I pounded the side of my fist on the screen door. The door banged and rattled. Boogie flew off the porch, across the yard and across the street. I banged for a long time. I knew that if I yanked hard enough I could pull the hook and latch out of the door frame, and I was about to do this when the nephew opened the door. He stood in the dark opening in his boxer shorts, shirtless. He was rubbing his eyes. I didn’t know if he worked the night shift somewhere and had been sleeping, and I didn’t care. Even through the closed screen door, I could smell the alcohol on his breath.
I’d seen David’s nephew many times but hadn’t introduced myself. I said through my teeth, “You locked David out.”
“He locked himself out.”
“That’s not possible,” I said.
“He comes and goes. I’m not leaving the place open so anybody can just wander in.”
I wanted to say, He has a key. But you didn’t— I said, “You need to let him inside now.”
David’s nephew shook his head in disgust, but he unhooked the latch, opened the screen door, and said, “Okay, David.”
David stood and struggled inside.
Christine, Oliver, and Evan brought David a plate of cookies. His nephew answered the door. He let them in, shouted gruffly for David, and shuffled off down the hall. Old take-out food was on the counter. The sink was full of dishes. David came out of his room. He went to Christine and put his hand on her arm. She gave him a hug. The boys didn’t run through the house and out into the backyard. They stood close to their mom. Christine set the plate of cookies on the table, and they all went out to the backyard to water the flowers. Later, on the way home, Oliver, who was nine, said, “I didn’t like that. I don’t like going to David’s anymore.”
Not then, but around this time, Christine met David at the end of our driveway. She asked how he was and David leaned his cane against his body and put out his hand so that his palm was flat and shook it a little. Hmmm. So, so.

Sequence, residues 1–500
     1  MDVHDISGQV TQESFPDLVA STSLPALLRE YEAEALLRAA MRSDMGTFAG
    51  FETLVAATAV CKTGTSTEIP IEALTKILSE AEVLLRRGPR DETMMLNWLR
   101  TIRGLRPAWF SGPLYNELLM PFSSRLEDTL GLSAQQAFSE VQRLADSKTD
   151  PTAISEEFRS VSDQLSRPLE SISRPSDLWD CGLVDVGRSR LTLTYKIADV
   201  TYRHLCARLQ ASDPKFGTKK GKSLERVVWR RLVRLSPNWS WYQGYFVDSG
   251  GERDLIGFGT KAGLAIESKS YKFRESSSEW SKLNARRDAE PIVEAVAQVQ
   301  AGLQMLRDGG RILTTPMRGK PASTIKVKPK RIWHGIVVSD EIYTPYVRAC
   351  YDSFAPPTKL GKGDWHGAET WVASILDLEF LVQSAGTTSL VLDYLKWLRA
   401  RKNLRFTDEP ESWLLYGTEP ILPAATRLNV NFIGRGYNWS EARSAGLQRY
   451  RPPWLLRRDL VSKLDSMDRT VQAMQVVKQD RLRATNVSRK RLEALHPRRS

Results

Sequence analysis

Christine said, “Are you okay?”
Christine said, “I’m worried that your nephew isn’t treating you well.”
David didn’t answer. She expected him to say, No, no, no. But he just looked away.
Oliver ran into the house shouting, “Dad! Dad! You have to come. You have to come right now!” He was ten years old. “It’s David. He fell. He’s hurt.”
Oliver had been walking over to his friend’s house after school. We ran out the door. Evan ran out, too. He was seven. We found David on his back in a small patch of snow and grass and weeds between his driveway and the fence. It was February and cold, and I could see my breath in the air, feel the blood rushing to my face, as I knelt down in the snow. David’s big black plastic garbage bin was toppled over on its side nearby. It was garbage day, and David had gone out sometime earlier to bring the bin back up the sloped driveway.
David was dazed. He didn’t seem to recognize me. He gripped my forearm and tried to pull himself to a sitting position but cried out in pain and lay back down. His grip was so strong. I asked him if he’d been there a long time, but he just moaned. He closed his eyes. I could see that he’d emptied his bladder. The crotch of his pants was dark and damp.
“What can I do, Dad?” Oliver said, his voice full of urgency and fear.
“What can we do?” Evan shouted.